Sugarcane ethanol causes air pollution, Why we are producing it then?

Ethanol production that involves burning sugarcane fields before harvest produces air pollution that decreases the sustainability of the fuel, US researchers say.

Sugarcane ethanol causes air pollution

The study, published online this week in the journal Nature Climate Change, focused on Brazil, the world’s top producer of sugarcane ethanol and a potential source for US imports of the alternative fuel.

The scientists at the University of California, Merced, focused their study on Brazil, the world’s top producer of sugarcane ethanol and a potential source for US imports of the alternative fuel.

“There is a big strategic decision that our country and others are making, whether to develop a domestic biofuels industry or to import relatively inexpensive biofuels from developing countries,” Campbell said. “Our study shows that the importation of biofuels could cause environmental and human health problems in the regions where they are grown.”

Ethanol is seen as an alternative to fossil fuels, which emit greenhouse gases when used and contribute greatly to air pollution and climate change. But despite some governments encouraging farmers to reduce field burning, which is done in part to protect farmworkers by removing sharp leaves and vermin, more than half of the farmland in sugar cane in Brazil continues to burn.

Use of corn ethanol

Emissions of air pollutants from the production and combustion of biofuels can have significant impacts on climate and air quality. The change in vehicle emissions that would result from a large-scale conversion from gasoline to E85 (a blend of up to 85% ethanol with gasoline or another hydrocarbon) in the United States could have significant health consequences, increasing tropospheric ozone concentrations.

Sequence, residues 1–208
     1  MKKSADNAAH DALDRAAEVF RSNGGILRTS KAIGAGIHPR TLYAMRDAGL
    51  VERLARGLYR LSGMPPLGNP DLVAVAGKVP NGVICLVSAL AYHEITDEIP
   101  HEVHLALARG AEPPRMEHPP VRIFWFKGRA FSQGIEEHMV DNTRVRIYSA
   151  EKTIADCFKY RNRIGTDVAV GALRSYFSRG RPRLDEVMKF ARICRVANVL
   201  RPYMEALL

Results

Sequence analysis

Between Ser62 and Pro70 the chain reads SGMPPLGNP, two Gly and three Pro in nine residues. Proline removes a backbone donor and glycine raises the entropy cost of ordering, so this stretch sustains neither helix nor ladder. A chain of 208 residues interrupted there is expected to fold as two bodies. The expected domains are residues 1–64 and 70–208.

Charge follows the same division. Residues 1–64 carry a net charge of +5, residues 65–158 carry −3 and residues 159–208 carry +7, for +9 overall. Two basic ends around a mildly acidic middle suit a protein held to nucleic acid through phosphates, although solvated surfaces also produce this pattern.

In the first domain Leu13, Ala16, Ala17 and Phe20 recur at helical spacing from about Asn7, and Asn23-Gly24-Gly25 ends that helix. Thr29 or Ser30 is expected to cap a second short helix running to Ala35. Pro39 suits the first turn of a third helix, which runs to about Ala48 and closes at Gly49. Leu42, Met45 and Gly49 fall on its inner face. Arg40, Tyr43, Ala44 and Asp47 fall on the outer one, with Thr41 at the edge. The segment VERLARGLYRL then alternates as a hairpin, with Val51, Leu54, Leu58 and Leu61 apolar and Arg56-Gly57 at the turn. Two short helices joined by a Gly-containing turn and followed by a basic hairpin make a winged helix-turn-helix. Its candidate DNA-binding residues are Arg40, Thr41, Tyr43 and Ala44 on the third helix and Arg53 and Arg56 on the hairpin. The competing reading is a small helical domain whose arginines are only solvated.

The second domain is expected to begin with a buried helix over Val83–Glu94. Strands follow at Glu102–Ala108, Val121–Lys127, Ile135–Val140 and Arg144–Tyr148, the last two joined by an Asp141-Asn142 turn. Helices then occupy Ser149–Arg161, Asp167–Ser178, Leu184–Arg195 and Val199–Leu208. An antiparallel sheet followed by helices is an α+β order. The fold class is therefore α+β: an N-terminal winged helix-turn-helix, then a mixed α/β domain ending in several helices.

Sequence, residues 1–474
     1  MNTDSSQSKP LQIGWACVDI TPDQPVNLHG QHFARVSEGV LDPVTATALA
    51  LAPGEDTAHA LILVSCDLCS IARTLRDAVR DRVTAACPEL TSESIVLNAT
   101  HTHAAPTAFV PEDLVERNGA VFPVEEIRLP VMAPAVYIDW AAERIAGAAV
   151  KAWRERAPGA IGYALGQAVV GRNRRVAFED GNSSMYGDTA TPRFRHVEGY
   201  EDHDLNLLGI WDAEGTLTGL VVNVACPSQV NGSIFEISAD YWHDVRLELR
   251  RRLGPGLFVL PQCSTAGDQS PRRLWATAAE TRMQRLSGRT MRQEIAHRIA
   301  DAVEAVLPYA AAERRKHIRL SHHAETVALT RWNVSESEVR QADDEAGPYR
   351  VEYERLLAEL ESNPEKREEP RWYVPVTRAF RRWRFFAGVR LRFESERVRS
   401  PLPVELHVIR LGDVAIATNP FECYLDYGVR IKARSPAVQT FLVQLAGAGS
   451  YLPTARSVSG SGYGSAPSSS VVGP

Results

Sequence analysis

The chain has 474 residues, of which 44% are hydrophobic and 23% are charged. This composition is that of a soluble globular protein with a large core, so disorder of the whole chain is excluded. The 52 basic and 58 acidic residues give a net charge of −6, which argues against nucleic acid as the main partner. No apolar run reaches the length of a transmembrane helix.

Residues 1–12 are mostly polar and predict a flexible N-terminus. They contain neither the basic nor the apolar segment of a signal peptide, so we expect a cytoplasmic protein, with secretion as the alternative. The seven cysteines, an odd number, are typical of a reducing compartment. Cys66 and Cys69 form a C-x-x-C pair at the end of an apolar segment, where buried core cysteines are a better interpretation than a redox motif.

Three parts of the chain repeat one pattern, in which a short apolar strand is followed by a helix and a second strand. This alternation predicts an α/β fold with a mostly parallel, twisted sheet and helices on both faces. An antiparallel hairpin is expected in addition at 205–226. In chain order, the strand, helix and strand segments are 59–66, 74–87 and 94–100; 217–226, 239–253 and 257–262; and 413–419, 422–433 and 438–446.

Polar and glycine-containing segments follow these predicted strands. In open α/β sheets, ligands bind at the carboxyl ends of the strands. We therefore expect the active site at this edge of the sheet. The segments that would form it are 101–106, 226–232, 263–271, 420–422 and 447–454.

Monetization of the health and climate impacts of US ethanol emissions (fuel production and vehicle emissions) suggests that the use of corn ethanol has higher health costs than gasoline, while that cellulosic ethanol can reduce health costs compared to the use of gasoline.

Although some world governments encourage farmers to reduce field burning, more than half of Brazil’s sugarcane farmland is burned to remove sharp leaves and make harvesting easier, the researchers said.

That creates air quality issues that can offset ethanol’s benefits over petroleum-derived fuels, which emit more greenhouse gases during use, Campbell said.

“Unlike oil production, the potential to produce biofuels is relatively evenly distributed across many countries, and this is a huge advantage from an energy security perspective,” Campbell said. “However, agricultural practices in some regions result in biofuels that lead to even more intense air pollution than oil.”

Pollution by environmental ozone can pose risks to health and the environment. In addition to the environmental impact, according to Greenpeace’s bioenergy policies, the use of ethanol has brought a social impact to Brazil, denouncing that sugarcane would have to be produced within a framework of sustainable agriculture.

Why we are producing Sugarcane ethanol?

Ethanol is seen as an alternative to fossil fuels, which emit greenhouse gases when used and contribute greatly to air pollution and climate change. But despite some governments encouraging farmers to reduce field burning, which is done in part to protect farmworkers by removing sharp leaves and vermin, more than half of the farmland in sugar cane in Brazil continues to burn.

That leads to a reduction in air quality that may offset ethanol’s benefits over petroleum-derived fuels that emit more greenhouse gases during use, something Campbell said the US should consider when determining whether to import ethanol from the economy of Brazil or continues to invest in national corn production of ethanol.

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